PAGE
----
Among his pastimes, Zorba is a musician, with rhythm in his bones, devoted to his santuri, and a miner, who digs in the earth—“a great brute soul,” says Basil in the novel, “not yet severed from mother earth” (19). He is earthiness itself, intuitively attuned to nature, people, and the rhythms of incarnate life. No one in the story understands more instinctively the contours of the land, the charms and threats of the sea, the dynamics of human relationships in the village. Unlike Basil, he is fully in the moment. He is also unapologetically eroticized, an enthusiastic womanizer who loves all women, of any stripe, as an expression of feminine archetype. Zorba constantly pushes the reluctant Basil to make love to the village’s beautiful widow, chiding him, for example, for going to the local church on Christmas, instead of visiting the widow, whom Zorba sees longs for him. “If God went your way,” says Zorba, “there would be no Christmas. He did not go to church; he went to Mary, and Christ was born.”
At the same time, no one in the story comes closer to certain Buddhist ideals. Zorba is unattached, to possessions, and to the success of his projects. No one shows greater compassion: for Basil, for the widow—whom at the risk of his own life he tries to save from a vengeful, church-going mob—and for the dying Mdm. Hortense, the foreign onetime cabaret singer, now far past her prime, who is spurned by everyone around her. His judgment is not perfect, because life is too complex to be controlled: His mining effort for Basil ends in a crashing failure, and Basil’s encounter with the widow ultimately contributes to her murder by the villagers. But Zorba has supreme resilience: He welcomes the fullness, the full catastrophe of life, with all its joys and all its sorrows—and all its rhythms. He dances, dances in ecstasy, dances in despair, dances his total acceptance of what is. And that is how the story ends: “Teach me,” Basil finally asks him, “to dance.” He does—and that, not Buddhism, is Basil’s redemption.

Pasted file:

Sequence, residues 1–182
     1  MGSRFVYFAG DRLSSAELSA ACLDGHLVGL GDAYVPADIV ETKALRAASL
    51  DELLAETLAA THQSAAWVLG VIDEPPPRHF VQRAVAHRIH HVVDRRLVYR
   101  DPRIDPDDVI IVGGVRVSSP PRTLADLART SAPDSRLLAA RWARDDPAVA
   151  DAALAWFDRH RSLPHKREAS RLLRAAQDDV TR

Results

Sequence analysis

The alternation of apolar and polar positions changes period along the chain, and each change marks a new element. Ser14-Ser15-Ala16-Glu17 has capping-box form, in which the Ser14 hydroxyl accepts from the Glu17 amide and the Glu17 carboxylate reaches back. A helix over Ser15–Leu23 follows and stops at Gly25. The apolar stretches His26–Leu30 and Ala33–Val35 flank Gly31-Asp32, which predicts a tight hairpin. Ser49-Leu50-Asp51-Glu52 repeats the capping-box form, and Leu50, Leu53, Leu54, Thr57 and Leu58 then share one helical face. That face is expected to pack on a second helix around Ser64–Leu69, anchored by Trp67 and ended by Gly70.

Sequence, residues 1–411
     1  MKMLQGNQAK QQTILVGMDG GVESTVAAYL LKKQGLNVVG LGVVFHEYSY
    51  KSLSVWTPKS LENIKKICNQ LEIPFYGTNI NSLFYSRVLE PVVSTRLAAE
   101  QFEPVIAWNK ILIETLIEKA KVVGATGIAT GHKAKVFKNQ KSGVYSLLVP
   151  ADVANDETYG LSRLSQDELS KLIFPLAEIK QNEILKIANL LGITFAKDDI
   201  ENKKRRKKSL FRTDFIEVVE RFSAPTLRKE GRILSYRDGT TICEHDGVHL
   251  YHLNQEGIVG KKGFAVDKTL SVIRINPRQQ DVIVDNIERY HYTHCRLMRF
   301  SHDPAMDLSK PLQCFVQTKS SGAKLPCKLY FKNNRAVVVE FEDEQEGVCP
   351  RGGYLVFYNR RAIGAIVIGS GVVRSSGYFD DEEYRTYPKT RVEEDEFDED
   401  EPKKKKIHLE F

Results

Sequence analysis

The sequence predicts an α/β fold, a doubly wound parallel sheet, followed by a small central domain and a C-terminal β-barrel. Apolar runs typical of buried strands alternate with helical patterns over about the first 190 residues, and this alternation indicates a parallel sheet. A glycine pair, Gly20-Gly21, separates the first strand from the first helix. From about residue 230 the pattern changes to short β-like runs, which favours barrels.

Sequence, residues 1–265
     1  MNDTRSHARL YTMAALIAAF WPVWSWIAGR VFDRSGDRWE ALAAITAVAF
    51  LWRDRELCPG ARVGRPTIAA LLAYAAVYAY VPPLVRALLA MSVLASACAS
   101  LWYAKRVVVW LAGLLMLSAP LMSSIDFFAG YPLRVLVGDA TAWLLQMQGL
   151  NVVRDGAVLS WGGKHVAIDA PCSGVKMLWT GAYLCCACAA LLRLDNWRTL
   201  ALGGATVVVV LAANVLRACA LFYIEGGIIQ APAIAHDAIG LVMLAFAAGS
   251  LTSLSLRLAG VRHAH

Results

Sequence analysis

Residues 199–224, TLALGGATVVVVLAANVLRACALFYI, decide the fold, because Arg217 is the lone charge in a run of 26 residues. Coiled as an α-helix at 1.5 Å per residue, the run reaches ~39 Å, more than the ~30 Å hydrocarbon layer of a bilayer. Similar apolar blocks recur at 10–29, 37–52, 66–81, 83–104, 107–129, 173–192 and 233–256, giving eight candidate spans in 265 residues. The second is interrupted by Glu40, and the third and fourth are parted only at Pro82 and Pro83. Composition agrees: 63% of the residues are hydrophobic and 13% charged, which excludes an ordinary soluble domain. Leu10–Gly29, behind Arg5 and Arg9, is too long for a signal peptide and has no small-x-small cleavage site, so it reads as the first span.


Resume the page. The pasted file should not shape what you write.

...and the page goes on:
So can there be Zorba the Monk, combining sacred bliss with earthy sensuality? Certainly there have been teachers in the West who have consciously tried to strike the balance, or live in both. A prime Buddhist example is Chögyam Trungpa Rinpoche, the Tantric Tibetan proponent of “crazy wisdom.” Trungpa was a reincarnate lama and masterful teacher who shed his robes and plunged into Western ways, not excluding Zorba’s favorites of sex and alcohol. Trungpa might have quoted Zorba, who said, “a man needs a little madness, or else he will never cut the ropes and be free.”
I suspect that Dan, when he asked his question in our sangha, knew of another Tantric Eastern teacher in the West, who explicitly tried to find the balance between the poles of Kazantzakis’s novel. Bhagwan Shree Rajneesh, also known as Osho, had Hindu roots, but drew strongly on Buddhist traditions. “My disciple,” he said, “has to be Zorba the Buddha. Man is body and soul together. Both have to be satisfied.” Trungpa and Osho may be extreme examples—they are certainly controversial ones—but both, I’d argue, were masters of Buddhist psychology, Buddhist practice, and Buddhist understanding of reality, and they spoke deeply to many intelligent seekers.
“…[B]ody and soul together. Both” as Jack Kornfield learned, “have to be satisfied.” For a full and authentic spiritual life, both must be engaged. But in the end, I would say, the difficulty is that there is no consistent and proper, universally valid balance between those poles. Everyone’s authentic path incorporates some elements of both Ascending and Descending approaches to spirituality, but which elements any one of us needs depends not only on universal human nature; it depends, too, on our unique and individual combination of tastes, proclivities, and experience. Some hear the call and the music of a more transcendent divine, some of a more immanent one; each of us, necessarily, responds to a distinct set of chords, a different melody of integration. But in that grand, full cacophony of spirituality, there must be a place, I have no doubt, for Zorba the Monk.
Daniels, Michael, Shadow, Self, Spirit: Essays in Transpersonal Psychology (Exeter, UK: Imprint Academic, 2005).
Kabat-Zinn, Jon, Full Catastrophe Living: Using the Wisdom of Your Body and Mind to Face Stress, Pain and Illness (New York, NY: Delacorte Press, 1990).
Kazantzakis, Nikos, Zorba the Greek, trans. by Carl Wildman (Oxford, UK: Bruno Cassirer, 1959).
Kornfield, Jack, A Path with Heart: A Guide through the Perils and Promises of Spiritual Life (New York, NY: Bantam Books, 1993).